The Icegrip Centaurs’ Main Theme Song
In Erendorn, the Icegrip Centaurs are some of the most psychotic and maniacal creatures to ever exist. They hold mass tortures in their camp, which is decorated with the carcasses of all their past victims. These creatures are merciless abusers whose appetite for killing can never be sated. The sheer malevolence of the Icegrip Centaurs is reflected in their character theme song, which includes contributions from a barbarian choir, a hurdy-gurdy and a large percussion ensemble.
Our composer included a barbarian choir in this character theme song in order to make it feel as though the listener is the one tied up in the Icegrip Centaurs’ torture camp. During recording, the barbarian choir were encouraged to prowl around the microphone so that their voices would pan around the listener. In the theme song, this makes it sound as though you are really being circled by a group of intimidating, ruthless enemies.
The hurdy-gurdy was used in this character theme song in order to create an extra level of discomfort. It plays a single dissonant note throughout the piece and this atonal sound helps to unsettle the listener even more as the barbarian choir continues to surround them and the background noises begin to gain prominence.
Our composer added background screams and breathing to the Icegrip Centaur theme song in order to replicate the environment that a victim would find themself in. While the screams start off quite subtle, towards the end they enter the foreground of the piece as the song culminates in what is suggested to be a mass torture. The breathing in the piece was recorded through a rotary speaker which makes it sound as though something is emerging from the shadows, taunting the listener with its sinister breath.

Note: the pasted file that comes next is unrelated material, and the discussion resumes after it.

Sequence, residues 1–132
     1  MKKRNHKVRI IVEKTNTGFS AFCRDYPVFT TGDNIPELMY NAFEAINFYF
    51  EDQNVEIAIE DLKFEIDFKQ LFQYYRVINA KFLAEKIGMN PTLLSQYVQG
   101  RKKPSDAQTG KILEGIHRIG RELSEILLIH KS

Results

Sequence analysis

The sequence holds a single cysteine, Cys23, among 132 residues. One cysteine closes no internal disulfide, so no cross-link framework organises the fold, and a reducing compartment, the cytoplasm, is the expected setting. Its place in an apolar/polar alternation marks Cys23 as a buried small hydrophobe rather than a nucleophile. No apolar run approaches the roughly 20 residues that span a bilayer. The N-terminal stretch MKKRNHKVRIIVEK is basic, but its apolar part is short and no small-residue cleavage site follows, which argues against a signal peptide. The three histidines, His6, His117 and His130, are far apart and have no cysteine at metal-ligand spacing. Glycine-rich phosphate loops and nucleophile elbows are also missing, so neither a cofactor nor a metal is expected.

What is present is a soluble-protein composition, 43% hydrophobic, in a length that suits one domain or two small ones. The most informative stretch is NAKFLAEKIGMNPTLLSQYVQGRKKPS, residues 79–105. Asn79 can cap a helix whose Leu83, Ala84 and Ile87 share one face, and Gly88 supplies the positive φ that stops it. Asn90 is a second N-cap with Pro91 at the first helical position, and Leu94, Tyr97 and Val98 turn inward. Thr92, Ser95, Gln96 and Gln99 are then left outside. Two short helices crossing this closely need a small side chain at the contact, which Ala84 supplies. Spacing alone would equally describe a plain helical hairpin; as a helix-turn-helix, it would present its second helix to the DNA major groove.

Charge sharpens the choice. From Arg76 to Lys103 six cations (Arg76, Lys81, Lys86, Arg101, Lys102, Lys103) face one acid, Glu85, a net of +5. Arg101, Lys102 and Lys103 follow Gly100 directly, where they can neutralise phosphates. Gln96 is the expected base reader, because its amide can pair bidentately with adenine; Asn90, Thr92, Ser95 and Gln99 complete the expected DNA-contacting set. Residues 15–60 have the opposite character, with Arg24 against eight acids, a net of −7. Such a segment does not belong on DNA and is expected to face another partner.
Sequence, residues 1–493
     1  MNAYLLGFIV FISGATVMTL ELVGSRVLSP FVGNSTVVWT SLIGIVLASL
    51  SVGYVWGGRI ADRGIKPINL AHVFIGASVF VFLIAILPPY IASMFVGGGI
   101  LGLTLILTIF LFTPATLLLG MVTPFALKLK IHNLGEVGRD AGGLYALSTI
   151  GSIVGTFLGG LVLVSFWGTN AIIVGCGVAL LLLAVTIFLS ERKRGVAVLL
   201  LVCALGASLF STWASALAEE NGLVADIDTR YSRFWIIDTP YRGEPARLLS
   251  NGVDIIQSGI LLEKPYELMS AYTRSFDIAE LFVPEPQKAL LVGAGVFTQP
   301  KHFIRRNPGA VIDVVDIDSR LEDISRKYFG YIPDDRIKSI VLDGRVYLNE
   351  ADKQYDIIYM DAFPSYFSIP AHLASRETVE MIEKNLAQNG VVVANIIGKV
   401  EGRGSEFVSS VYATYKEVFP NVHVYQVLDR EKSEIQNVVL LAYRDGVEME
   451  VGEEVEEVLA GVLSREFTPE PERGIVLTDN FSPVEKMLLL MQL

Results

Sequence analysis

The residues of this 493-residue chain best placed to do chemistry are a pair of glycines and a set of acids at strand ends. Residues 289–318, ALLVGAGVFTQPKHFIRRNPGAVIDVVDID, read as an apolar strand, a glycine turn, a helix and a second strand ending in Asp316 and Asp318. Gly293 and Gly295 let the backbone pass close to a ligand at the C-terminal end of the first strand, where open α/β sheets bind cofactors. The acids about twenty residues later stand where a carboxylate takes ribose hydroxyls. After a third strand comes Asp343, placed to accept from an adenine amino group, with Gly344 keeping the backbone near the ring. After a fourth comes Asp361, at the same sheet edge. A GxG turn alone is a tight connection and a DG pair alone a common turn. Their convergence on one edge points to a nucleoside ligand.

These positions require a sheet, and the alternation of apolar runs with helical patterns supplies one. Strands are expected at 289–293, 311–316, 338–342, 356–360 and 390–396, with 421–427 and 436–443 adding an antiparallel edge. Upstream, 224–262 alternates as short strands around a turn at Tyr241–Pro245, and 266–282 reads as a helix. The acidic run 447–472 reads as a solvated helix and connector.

When it came to percussion, our composer decided to use a large drum ensemble in order to match the chaos of the Icegrip Centaur camp. Large pieces of percussion also create a feeling of uneasiness as they prevent the listener from relaxing. Instead, they are another component of this soundscape that helps bring this terrifying environment to life.
Unlike the Zentragal theme song, it was important for our composer to successfully show the lack of emotional depth that the Icegrip Centaurs have. This is why the instruments used in the piece have an overall atonal sound. If our composer had chosen to create a strong melody, the theme song would have been too evocative and also would have negated the sense of discomfort, impending doom and intimidation that our composer aimed to convey.
Each character theme song was recorded with a live orchestra and various techniques were used in order to ensure that the correct atmosphere was being created. If you want to hear what our composer has to say about these awesome pieces of music, then stay tuned to our social media channels where we will be releasing an exclusive behind the scenes interview with him.